End effector 40 is coupled to support arm 42, which in turn is coupled to carriage 44 (or the support arm 42 and carriage 44 can be a unitary member). The arm 42, carriage 44, and end effector 40 are moved along the x-axis 54 by guide 46, which preferably includes a guide shaft 56 and a lead screw 58, both oriented parallel to the x-axis 54 and coupled to grounded surface 36. Shaft 56 extends through bore 60 in carriage 44 which allows the carriage to slidably translate along shaft 56. Screw 58 extends through threaded bore 62 in carriage 44, which allows the carriage 44 to move along screw 58 when the screw is rotated about its lengthwise axis. Grounded motor 48 is coupled to screw 58 by a pulley or other transmission mechanism and rotates the screw 58. Thus, when lead screw 64 is rotated, end effector 40 moves along the x-axis along the length of the shaft 56 and screw 58. Motor 48 is preferably a stepper motor or position servo motor and is precisely controlled by computer 20 to position arm 42 and end effector 40.
Other mechanisms can be used to move the wafer pick parallel to the x-axis. For example, the carriage 44 can be driven along a rod by motor gears. Or, the shuttle can be driven by a hydraulic or pulley system, a slide or rail mechanism, or other system providing such translation.
In the described embodiment, end effector 40 is constrained to move only along the x-axis, since end effector movement along the other axes is not necessary in the preferred embodiment and needlessly complicates the end effector mechanism. However, in other embodiments, the end effector can be set up to move in both the x-axis and y-axis directions to, for example, move wafers from different wafer carriers 22. In one such embodiment, the end effector and arm are able to move in a y-axis direction by the use of tracks or guides positioned perpendicularly to the lead screw and guide.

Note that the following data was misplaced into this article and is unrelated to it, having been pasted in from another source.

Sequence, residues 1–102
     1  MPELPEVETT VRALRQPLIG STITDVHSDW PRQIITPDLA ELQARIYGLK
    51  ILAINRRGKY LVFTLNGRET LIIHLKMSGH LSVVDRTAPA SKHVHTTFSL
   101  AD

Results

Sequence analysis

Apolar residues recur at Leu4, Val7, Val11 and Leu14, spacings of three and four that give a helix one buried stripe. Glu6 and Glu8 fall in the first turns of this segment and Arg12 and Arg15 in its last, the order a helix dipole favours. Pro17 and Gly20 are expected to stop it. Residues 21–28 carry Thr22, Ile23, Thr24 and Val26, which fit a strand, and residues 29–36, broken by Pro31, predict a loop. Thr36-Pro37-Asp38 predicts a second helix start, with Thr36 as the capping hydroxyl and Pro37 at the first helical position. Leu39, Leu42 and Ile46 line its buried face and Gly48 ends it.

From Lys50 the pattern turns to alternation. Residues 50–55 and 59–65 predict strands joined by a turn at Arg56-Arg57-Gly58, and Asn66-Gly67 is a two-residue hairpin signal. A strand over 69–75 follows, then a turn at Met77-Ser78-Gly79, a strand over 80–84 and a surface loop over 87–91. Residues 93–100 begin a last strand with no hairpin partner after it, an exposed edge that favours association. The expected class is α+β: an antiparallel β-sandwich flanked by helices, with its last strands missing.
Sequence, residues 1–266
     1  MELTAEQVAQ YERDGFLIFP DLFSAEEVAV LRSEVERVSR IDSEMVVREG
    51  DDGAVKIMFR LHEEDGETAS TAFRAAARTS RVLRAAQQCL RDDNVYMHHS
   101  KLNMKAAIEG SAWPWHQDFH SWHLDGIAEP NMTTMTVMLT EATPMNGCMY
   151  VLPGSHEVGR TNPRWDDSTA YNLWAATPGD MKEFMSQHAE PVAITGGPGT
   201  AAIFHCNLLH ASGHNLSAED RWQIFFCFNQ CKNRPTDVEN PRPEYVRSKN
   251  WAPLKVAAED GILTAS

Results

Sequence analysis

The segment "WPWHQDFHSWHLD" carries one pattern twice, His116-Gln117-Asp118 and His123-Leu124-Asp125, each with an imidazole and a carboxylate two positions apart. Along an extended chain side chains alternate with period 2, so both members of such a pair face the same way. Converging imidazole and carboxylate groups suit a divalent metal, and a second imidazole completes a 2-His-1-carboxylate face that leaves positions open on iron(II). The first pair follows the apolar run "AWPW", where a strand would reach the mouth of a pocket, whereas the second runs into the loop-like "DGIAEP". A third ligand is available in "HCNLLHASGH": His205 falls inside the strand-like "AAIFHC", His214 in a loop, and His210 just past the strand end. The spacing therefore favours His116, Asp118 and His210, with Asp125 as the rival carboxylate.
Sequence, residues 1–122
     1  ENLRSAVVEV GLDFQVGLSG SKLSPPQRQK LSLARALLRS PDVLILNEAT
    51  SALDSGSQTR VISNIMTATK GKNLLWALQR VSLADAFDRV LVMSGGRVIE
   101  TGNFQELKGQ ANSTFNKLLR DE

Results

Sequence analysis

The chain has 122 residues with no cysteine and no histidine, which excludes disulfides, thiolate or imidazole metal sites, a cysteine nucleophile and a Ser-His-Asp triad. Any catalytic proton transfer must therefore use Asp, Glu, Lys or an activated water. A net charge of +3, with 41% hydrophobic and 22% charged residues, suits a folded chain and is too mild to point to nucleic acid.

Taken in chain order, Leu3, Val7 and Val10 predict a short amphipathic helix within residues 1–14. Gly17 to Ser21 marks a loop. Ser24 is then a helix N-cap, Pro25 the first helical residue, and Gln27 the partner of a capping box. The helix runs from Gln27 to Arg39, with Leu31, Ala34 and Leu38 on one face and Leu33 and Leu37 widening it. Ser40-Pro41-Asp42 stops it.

Handler and probe assembly 14 also includes a probe 70. Probe 70 is used to test characteristics of a wafer 21 while the wafer is positioned on the chuck assembly 16. In the described embodiment, probe 70 is coupled to support arm 42 and extends out the bottom surface of the arm 42. In other embodiments, the probe 70 can be coupled to other areas of the arm 42, end effector 40, or carriage 44. In a different embodiment, the probe 70 can be positioned on a separate support arm, similar to support arm 42, which is movable along the x-axis independently of the end effector 40. Probe 70 includes a test head on the bottom portion of the probe which contacts a wafer to make test measurements. In other embodiments, the test head does not need to contact the wafer, but is positioned to a desired distance above the wafer to perform tests (using electromagnetic beams, etc., as is well known to those skilled in the art). The test head includes individual probe leads (shown in FIGS. 5a-5b) which are designed to take test measurements on the wafer surface. In the preferred embodiment, the test head includes a four-point probe apparatus that includes four metal, spring-loaded probes that engage the surface of a wafer. A current is usually induced in the outer probes of the four probes, and a voltage is measured across the inner probes. Such a probe is designed to measure wafer resistivity and film thickness. Four-point probe apparatus are well known in the art. In other embodiments, other types of test probes can be provided to test various characteristics of wafers.
Support arm 42 is operative to position the test head of probe 70 over variable locations on the wafer 21. The probe 70 thus moves parallel to the x-axis along lead screw 58 by the use of motor 48 as the end effector 40 moves along the x-axis.